Sixty-three years ago, National Geographic magazine informed its readers of a remote and unfashionable place whose "peculiar charm" was too intangible to explain satisfactorily. The Aran Islands, wrote Robert Cushman Murphy, "seem not of this age, for the workaday world lies beyond the horizon of time as well as that of space . . . In the bare sanctuary of these islands, the soul of ancient Ireland now has its ephemeral resting place." This encomium embraced, with equal warmth, John Millington Synge, the Anglo-Irish author of The Playboy of the Western World, who settled on Inis Mein (pronounced Inish Maan) at the turn of the century, on the suggestion of William Butler Yeats; and Synge, in his day, had been no less enthusiastic.
A few weeks ago, another American writer made the trip to the island, collecting his impressions for the Wall Street Journal. "Progress has come to Inis Mein, a place many hoped would elude its advances," Dana Milbank said of the most traditional island in the archipelago. "The island's headlong leap into the 20th century has brought a new debate to its shores: can Inis Mein join the modern world without losing its ancient culture?"
The future of these disconnected bits of Ireland absorbs today's visitors as compellingly as it did National Geographic in 1931 (21 pages of text and photos) - and again in 1971, when the magazine rediscovered in Inis Mein a "timeless isle enjoying few modern conveniences". These visitors come to listen. What they hear is the sough of wind through dry-stone walls and the crackle of sea on blue-grey carboniferous rock. But, should they linger a few days, they may also catch the sounds of controversy.
IT IS NOT a particularly explicit controversy - nothing so crude as that - but some islanders appear, at the very least, mildly distracted by what they see as a rush of change more corrosive than the elements on their rocky acres. They predict the loss of the Gaelic language (almost invariably spoken here) and the accumulation of modern ills, such as the corrupting influence of tourism. "It's going down like a ship with many holes," says Dara Faherty, an old man who used to break rocks for a living and who now longs for the days when people were "poor, but happy". "I hate to think the island is dying, but better to die than to change," says Mairn N Chonghaile (Maureen Conneely), Inis Mein's teacher.
Taciturn by nature, the islanders do not put a sharp edge to their soft voices when they utter these thoughts. Extenuating phrases are often mumbled as though to regain a position of ambiguity, if not neutrality. Dissent - or at least the expression of it - is no more disturbing than a curlew's cry. But sometimes you can see the conflict shifting the colours of the islanders' cheeks.
Isolation is integral to Aran life, more or less guaranteed by the weather and the treacherous seas. The waves break more than a kilometre from the shores of all three islands, the biggest of which is Inis Mr (Big Island) and the smallest Inis Orr (Eastern Island). In past years - even in summer - communications were cut off by terrifying storms. "The winds can reach 180mph," says the owner of my lodgings, Angela Faherty. Over time, these winds probably scoured away the blanket of boulder clay deposited by melting ice sheets 100,000 years ago. Consequently, Aran farmers have had to manufacture soil from a mixture of sand and decaying seaweed. And to protect it, they built a lattice-work of walls through which the wind passes without blowing the walls down.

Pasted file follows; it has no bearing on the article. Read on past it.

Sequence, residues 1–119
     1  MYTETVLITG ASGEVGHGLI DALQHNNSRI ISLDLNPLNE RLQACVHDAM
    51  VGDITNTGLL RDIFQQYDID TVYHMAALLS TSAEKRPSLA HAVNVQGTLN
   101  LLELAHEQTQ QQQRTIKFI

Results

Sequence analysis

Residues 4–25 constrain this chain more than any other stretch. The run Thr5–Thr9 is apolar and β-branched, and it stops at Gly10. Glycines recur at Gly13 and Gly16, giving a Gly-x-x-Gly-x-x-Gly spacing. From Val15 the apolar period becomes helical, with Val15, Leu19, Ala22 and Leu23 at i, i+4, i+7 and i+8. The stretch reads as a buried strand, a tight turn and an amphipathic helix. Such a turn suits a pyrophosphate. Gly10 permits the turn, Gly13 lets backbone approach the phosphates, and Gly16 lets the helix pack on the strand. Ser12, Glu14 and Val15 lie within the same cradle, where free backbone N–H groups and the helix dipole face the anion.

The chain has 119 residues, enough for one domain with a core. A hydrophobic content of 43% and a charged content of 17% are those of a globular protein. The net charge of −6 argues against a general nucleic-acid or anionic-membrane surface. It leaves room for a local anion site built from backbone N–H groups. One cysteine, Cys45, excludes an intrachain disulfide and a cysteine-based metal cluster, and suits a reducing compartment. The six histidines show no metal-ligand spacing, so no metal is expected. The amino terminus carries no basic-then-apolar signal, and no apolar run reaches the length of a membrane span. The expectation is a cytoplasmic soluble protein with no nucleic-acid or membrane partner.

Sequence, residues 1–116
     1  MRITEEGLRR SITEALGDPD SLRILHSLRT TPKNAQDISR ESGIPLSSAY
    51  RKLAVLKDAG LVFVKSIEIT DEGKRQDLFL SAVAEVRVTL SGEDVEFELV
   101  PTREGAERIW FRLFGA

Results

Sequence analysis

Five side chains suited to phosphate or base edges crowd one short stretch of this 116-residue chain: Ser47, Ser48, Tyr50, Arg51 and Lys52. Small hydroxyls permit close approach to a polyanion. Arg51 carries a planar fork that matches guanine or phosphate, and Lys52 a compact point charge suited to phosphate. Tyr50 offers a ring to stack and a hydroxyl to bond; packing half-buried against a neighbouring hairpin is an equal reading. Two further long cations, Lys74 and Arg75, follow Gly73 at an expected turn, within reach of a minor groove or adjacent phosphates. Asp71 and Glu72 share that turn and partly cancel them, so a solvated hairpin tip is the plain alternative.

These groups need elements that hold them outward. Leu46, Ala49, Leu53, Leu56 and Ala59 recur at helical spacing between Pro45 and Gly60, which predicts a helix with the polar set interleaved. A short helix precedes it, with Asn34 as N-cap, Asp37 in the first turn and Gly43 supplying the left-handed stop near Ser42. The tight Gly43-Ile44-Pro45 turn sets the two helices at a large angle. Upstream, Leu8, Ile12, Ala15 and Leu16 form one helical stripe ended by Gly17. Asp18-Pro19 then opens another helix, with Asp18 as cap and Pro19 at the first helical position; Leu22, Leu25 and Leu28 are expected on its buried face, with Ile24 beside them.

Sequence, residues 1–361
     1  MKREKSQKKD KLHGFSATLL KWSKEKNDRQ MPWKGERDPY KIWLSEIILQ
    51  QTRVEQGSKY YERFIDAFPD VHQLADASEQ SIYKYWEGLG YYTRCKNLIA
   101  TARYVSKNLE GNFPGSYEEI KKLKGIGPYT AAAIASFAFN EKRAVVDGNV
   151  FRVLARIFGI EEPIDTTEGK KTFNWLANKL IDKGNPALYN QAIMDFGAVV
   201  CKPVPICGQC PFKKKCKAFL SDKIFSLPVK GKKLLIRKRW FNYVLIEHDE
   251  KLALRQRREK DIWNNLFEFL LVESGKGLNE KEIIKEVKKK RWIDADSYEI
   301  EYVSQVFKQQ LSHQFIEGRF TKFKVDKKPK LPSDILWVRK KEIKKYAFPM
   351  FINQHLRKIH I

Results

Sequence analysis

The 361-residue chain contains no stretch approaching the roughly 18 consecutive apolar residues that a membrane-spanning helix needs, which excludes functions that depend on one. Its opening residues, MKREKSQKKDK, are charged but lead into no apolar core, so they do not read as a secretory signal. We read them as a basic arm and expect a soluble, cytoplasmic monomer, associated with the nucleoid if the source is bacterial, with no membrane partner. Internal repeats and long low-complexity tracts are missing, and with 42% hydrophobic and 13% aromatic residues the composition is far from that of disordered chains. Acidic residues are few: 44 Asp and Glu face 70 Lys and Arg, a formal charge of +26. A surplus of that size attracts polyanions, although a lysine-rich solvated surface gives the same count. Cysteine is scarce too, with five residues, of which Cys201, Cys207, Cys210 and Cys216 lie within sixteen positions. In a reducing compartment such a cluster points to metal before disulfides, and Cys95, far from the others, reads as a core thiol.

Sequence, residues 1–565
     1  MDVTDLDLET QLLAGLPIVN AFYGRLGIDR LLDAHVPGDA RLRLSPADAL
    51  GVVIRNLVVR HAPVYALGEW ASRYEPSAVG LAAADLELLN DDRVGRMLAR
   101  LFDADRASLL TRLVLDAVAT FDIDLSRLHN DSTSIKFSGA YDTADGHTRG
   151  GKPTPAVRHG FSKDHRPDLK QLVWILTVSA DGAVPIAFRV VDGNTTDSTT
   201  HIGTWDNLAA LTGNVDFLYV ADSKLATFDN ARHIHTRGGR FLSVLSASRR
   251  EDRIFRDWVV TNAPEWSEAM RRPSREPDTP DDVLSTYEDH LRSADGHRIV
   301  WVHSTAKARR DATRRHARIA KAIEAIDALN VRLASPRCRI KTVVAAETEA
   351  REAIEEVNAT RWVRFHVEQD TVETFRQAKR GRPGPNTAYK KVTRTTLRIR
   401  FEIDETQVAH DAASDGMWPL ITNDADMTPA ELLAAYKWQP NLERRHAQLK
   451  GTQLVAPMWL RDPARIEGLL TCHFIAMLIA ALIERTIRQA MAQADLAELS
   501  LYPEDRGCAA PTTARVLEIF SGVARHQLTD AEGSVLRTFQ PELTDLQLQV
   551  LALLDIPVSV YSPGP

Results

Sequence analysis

But the wind of change is now blowing harder than ever. Once isolated, the island is struggling for its place on the Information Superhighway. The population watches CNN and BSkyB. Some residents are even beginning to have difficulty with Gaelic.
Visitors who, until recently, regarded Inis Mein as its own museum are now directed to a small museum where attempts to preserve notions of the past can be found in photographs and books. The local priest, Father Pdraig Standn, acknowledges the change is painful for some; but "if it is natural, I would applaud it. I would hate the island to be preserved as a museum piece."
TWO PLACES from which to ponder Inis Mein's preoccupation with the old and the new are the old graveyard and the new graveyard.
In the former, where 18th-century headstones lie as flat as the natural limestone pavements all around, there are the remains of a tiny oratory, built more than 800 years ago. Grass, ivy and fern sprout between the man-made slabs, just as they do from the limestone crevices beyond. In the new cemetery, a half-mile along the coast, the headstones and commemorative Celtic crosses are upright, the earliest recording a death in 1942; the latest a few days ago, the grave already decorated with round beach pebbles. In both these melancholy spots your ears pick up the growl of machinery.
Midway between the graveyards, a new pier is being built. Funded by the Irish government and the European Union, it was supposed to cost £1.25m but, according to some islanders, will swallow at least twice that amount by the time it is completed, perhaps next year. Pdraig Faherty (Faherty and Conghaile are common names on Inis Mein), who owns a grocery, says: "They're afraid the pier will shift under the force of the sea. So steel pins are going into it. They're building it in the wrong place."